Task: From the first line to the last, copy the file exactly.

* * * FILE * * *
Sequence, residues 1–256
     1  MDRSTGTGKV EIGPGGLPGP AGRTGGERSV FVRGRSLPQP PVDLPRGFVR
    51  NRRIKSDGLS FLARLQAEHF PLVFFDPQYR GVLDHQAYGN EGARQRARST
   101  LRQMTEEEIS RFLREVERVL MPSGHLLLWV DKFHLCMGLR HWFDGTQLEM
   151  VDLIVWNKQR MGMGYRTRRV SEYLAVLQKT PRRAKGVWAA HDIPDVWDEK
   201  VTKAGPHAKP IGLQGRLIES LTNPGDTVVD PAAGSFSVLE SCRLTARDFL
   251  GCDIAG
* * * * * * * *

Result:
Sequence, residues 1–256
     1  MDRSTGTGKV EIGPGGLPGP AGRTGGERSV FVRGRSLPQP PVDLPRGFVR
    51  NRRIKSDGLS FLARLQAEHF PLVFFDPQYR GVLDHQAYGN EGARQRARST
   101  LRQMTEEEIS RFLREVERVL MPSGHLLLWV DKFHLCMGLR HWFDGTQLEM
   151  VDLIVWNKQR MGMGYRTRRV SEYLAVLQKT PRRAKGVWAA HDIPDVWDEK
   201  VTKAGPHAKP IGLQGRLIES LTNPGDTVVD PAAGSFSVLE SCRLTARDFL
   251  GCDIAG